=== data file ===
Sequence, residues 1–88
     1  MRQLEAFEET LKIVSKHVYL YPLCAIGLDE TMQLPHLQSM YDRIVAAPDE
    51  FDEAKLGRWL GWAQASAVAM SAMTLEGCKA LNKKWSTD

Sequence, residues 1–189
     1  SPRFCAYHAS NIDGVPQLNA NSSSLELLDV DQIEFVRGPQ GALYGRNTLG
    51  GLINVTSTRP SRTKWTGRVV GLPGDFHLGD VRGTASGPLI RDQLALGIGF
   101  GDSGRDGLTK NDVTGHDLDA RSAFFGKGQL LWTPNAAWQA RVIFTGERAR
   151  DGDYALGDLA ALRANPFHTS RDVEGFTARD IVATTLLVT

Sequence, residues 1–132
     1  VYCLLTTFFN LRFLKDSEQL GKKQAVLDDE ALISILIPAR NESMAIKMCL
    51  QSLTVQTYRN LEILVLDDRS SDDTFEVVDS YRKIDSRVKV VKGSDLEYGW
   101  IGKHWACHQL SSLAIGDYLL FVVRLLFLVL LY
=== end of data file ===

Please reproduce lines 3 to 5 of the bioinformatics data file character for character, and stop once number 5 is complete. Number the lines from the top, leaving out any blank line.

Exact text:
    51  FDEAKLGRWL GWAQASAVAM SAMTLEGCKA LNKKWSTD

Sequence, residues 1–189
     1  SPRFCAYHAS NIDGVPQLNA NSSSLELLDV DQIEFVRGPQ GALYGRNTLG